Sadly, after swimming over 200km, Alan had to end his venture after his support boat sunk, leading to him and his crew being rescued by the RNLI.
"So I swam 210 kilometres give or take from the Giants Causeway down to Newcastle, and the support boat that we got last minute sunk.... I was devastated.
"Because I put in all the work at that stage, I was getting acclimatized to the cold, it's getting easier to get into the water, again, easier to stay in the water, I was doing up to five hours a day. So I felt like I could keep going but you can't without a support boat and without a support crew. So that even added an extra layer of frustration.
"I felt that I let my dad down, like it was a charity event for his honour and his memory as well. So there was that layer of emotion too. "
After what Alan described as "a lonely bus journey from Northern Ireland to Waterford", The Marathon Man drew a line under his challenge and didn't give it much thought in the time after his failed attempt.
It wasn't until an interview with a local radio station where Alan's hunger to complete the 500km swim was reignited.
"It wasn't until a year later when I had an interview with the local radio station and they were saying 'would you do it again?' and 'what did you learn?' and I had no answers really for them, which sort of played on repeat in my mind for the days and weeks after that interview.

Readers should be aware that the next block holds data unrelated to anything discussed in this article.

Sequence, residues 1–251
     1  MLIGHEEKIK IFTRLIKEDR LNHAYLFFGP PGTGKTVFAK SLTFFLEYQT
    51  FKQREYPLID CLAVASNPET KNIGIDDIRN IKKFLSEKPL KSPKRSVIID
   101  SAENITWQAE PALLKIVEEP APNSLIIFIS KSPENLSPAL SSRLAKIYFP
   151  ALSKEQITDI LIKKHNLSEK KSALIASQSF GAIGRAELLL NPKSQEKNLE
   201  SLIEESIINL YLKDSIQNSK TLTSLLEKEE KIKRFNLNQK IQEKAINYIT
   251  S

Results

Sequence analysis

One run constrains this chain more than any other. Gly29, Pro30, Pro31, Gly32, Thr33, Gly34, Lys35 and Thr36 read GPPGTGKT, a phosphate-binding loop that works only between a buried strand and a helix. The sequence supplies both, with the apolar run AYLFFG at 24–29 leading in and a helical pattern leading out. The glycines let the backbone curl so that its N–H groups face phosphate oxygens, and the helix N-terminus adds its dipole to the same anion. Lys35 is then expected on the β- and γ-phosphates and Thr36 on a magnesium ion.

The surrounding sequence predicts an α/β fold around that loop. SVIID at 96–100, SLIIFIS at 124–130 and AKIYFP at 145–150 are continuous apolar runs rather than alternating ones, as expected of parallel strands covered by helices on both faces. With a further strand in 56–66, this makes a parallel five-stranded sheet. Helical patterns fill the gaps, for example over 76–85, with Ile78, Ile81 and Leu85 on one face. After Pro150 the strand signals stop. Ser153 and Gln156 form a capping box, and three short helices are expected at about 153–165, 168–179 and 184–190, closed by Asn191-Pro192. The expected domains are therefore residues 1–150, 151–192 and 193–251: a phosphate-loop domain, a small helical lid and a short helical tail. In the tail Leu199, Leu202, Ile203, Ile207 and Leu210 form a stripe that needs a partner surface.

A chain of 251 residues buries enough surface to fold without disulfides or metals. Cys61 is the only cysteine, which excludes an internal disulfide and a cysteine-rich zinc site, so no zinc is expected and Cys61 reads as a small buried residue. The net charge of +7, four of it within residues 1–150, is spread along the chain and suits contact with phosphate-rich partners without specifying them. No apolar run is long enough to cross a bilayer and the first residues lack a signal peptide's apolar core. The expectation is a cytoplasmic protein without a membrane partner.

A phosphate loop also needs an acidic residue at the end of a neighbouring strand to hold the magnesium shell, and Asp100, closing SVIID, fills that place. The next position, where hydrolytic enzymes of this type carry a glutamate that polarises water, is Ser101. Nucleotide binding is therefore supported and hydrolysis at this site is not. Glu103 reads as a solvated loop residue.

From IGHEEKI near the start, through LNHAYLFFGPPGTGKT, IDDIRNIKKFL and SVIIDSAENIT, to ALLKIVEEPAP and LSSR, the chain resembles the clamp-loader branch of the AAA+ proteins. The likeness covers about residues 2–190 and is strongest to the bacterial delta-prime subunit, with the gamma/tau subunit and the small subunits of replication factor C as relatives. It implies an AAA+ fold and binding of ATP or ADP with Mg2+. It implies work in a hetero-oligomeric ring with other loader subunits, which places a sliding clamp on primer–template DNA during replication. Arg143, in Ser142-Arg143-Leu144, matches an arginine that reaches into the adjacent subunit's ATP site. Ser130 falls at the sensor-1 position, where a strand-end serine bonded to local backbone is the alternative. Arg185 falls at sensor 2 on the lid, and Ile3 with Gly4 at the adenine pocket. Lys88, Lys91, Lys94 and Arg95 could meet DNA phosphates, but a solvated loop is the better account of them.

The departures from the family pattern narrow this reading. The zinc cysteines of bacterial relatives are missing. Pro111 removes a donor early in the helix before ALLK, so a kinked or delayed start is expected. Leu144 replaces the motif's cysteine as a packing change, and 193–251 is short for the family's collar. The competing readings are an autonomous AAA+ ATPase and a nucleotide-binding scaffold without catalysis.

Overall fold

"And I was like well, I’m confident in the swimming and then there's just the organization and the support system. So that's sort of when I picked back up again and was like right let's see if I can do it a bit more professionally this time around."
With this, Alan decided to give the swim a second attempt, this time, with the extra planning and support needed to complete the length of Ireland swim.
After taking out a bank loan, Alan bought a sailboat capable of surviving the rough seas and got his girlfriend, Karolina on board, as a safety kayaker.
A second attempt
In June 2019, two years after his first attempt at swimming the length of Ireland, Alan stood at the Giants Causeway yet again, ready to start his 500km voyage.
Many obstacles faced Alan yet again with wrong tide times and storms at the forefront of trying to bring difficulty to his charity swim.
"The first day, the sailors had picked the wrong tide time. So that was frustrating.....then the second day, was just rough, rough seas. "
Alan was also aware of the focus and attention that people were giving him and he didn't want to show any sign of weakness during the first week of the swim.